Maritime Laws: Everything You Need to Know About the Jones Act

Maritime Laws: Everything You Need to Know About the Jones Act

During World War I, the US found itself in a situation where they didn’t have enough vessels to conduct their normal trade which impacted the economy. Once the US joined the war effort, they also didn’t have a sufficient number of vessels for transporting materials, war supplies, and soldiers to Europe.

After the war, the Jones Act was passed for a number of reasons, one of which was to ensure that the U.S. never again had insufficient maritime capacity should another war occur in the future.

Are you interested in learning more about maritime laws and the rights of sailors?

If so, stick with us and we’ll take a deep dive into the Jones Act.

What Is the Jones Act?

The Merchant Marine Act of 1920, is a federal statute in the United States. It exists to maintain and promote the US merchant marine. It regulates maritime commerce that takes place in American waters between American ports, in addition to other purposes.

The Jones Act is the name for Section 27 of the aforementioned Merchant Marine Act. This act deals with coastwise trade, also known as “cabotage”. It requires that any and all goods that are transported on the water between different U.S. ports must be transported on U.S. flagships that were owned by U.S. citizens, constructed in the U.S., and crewed by U.S. citizens and permanent residents.

The Jones Act also defines certain rights of sailors. It was introduced by Wesley Jones.

This U.S. federal law was put in place after World War I with the intent of trying to revitalize the U.S. shipping industry. It is still in effect today and it regulates maritime commerce that occurs within the United States.

There have been some laws that were similar to the Jones Act that dates all the way back to the beginning of the United States. There was an act enacted by the First Congress in 1789 that served basically the same purpose as the Navigation Acts of England.

What Are the Underlying Goals of the Jones Act?

There are a number of purposes that the Jones Act exists to promote. Let’s take a look at two of the major underlying goals of this act.

Support National Defense and Encourage the Development of a National Fleet

Before the Jones Act was put in place, the U.S. government struggled to build enough ships to support the war effort during World War I. As a result, ships were built hastily in order to meet the needs of the military effort. This resulted in the loss of hundreds of millions of dollars.

If there is a national emergency or a war, American ships can help to support American military operations with their manpower and capacity. In order to build U.S. ships, infrastructure needs to be established, including equipment, repair yards, systems, etc. Rather than starting from scratch when an emergency strikes, the U.S. military can make use of this infrastructure when the need is there.

Fuel Economic Growth and Strengthen the American Maritime Industry

Another major goal of the Jones Act was to help fuel innovation in waterborne transportation and shipbuilding. It helps to keep the maritime industry of the U.S. strong.

The American Maritime Partnership has stated that this act generates roughly $150 billion every year in economic benefits. On top of that, they say it supports 650,000 American jobs.


Cabotage is a term that refers to goods that are moved between two different United States locations. The original act specified that cabotage only referred to goods that were transported between U.S. ports on coastal waters. Since then, however, the term has been expanded to also encapsulate goods that are transported by airplane.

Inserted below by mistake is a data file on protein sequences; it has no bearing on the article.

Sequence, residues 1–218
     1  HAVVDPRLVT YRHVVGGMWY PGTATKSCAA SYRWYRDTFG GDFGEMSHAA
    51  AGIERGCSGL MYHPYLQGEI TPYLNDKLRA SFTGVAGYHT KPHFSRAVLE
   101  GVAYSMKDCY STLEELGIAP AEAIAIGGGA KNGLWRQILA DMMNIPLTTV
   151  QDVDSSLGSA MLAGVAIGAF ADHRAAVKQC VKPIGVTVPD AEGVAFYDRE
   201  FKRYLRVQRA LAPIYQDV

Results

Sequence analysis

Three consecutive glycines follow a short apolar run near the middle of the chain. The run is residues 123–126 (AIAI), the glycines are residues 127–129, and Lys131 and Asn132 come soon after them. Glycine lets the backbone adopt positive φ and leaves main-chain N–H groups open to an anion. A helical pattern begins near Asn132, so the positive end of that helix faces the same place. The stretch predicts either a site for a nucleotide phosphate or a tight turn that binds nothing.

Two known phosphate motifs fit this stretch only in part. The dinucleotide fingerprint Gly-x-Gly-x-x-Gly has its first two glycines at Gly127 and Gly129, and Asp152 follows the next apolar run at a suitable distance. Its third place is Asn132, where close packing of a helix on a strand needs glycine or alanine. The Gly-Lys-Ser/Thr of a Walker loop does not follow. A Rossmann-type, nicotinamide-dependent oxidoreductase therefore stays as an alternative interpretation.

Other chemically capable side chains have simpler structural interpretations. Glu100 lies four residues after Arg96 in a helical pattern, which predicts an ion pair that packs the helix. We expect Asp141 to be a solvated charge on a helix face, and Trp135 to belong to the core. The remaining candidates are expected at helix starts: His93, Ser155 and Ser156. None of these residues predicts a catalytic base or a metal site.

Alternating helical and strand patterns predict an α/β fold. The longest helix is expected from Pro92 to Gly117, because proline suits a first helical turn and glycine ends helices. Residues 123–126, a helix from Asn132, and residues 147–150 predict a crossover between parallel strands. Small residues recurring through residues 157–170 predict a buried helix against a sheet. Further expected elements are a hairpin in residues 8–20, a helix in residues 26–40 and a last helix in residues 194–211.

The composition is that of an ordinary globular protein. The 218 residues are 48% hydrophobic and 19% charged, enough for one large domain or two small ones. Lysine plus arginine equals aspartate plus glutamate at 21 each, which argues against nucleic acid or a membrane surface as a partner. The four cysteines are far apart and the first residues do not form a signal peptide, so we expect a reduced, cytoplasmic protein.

These goods that are shipped between two ports or locations must be transported on a vessel that is owned by a U.S. citizen and made in the U.S. While it is possible to obtain a waiver for this act, it is incredibly rare to actually obtain one.

You can learn more about what is covered under the Jones Act here.

Seamen’s Rights

First, we’ll want to define what a seaman is. It is, in general, a person who performs a significant amount of their work on any kind of boat or ship. This means that they might be a captain, a crewmember, or play another role entirely.

Another aspect of the Jones Act is that it allows sailors to sue their employer if they are killed or injured while out at sea. In the case of the death of a seaman, it is legal for a personal representative to seek compensation on the behalf of the deceased. The party has the right to bring a civil lawsuit against the employer in both instances.

If the employer’s negligence leads to the injury or death of the sailor, they have the right to claim damages. Negligence can mean a number of different things, including faulty equipment, unsafe instructions, failure to provide medical treatment, and more.

Sailors aren’t entitled to workers’ compensation benefits under federal law or state law, unlike almost all land-based workers. This means that the only compensation they can seek if they have been injured on the job is through the Jones Act.

Maritime Laws: The Legal World Off Land

Many of us might be familiar with the fact that there are different laws in various cities, states, and countries. That being said, it’s not as common to ponder the legality of different actions once you leave the land.

Maritime laws are an absolutely necessary body of laws since so much commerce and transport occurs via the water. While the Jones Act is controversial in some ways, proponents of the law claim that it has helped to protect the U.S. both in times of war as well as in its economic strength.

Did you find this article on maritime laws interesting? If so, be sure to check out the rest of our blog for more fascinating and informative content!